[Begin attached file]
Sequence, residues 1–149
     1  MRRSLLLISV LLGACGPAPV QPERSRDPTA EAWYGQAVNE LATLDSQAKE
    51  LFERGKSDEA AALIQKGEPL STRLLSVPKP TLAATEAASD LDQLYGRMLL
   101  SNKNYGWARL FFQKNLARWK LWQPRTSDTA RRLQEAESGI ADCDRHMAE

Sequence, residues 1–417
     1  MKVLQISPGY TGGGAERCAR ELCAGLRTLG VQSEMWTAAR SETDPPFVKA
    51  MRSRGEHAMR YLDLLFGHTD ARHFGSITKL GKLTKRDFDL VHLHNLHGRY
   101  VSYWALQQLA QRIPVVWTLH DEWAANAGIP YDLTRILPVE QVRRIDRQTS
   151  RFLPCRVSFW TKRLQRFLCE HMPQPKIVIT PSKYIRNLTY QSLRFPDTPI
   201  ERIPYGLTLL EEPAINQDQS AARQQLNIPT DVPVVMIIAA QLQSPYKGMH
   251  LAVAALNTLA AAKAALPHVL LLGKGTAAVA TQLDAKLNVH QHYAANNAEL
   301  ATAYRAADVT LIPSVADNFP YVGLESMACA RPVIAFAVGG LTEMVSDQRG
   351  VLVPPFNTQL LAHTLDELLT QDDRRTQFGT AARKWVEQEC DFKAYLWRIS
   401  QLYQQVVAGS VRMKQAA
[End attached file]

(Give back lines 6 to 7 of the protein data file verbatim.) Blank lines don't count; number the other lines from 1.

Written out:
     1  MKVLQISPGY TGGGAERCAR ELCAGLRTLG VQSEMWTAAR SETDPPFVKA
    51  MRSRGEHAMR YLDLLFGHTD ARHFGSITKL GKLTKRDFDL VHLHNLHGRY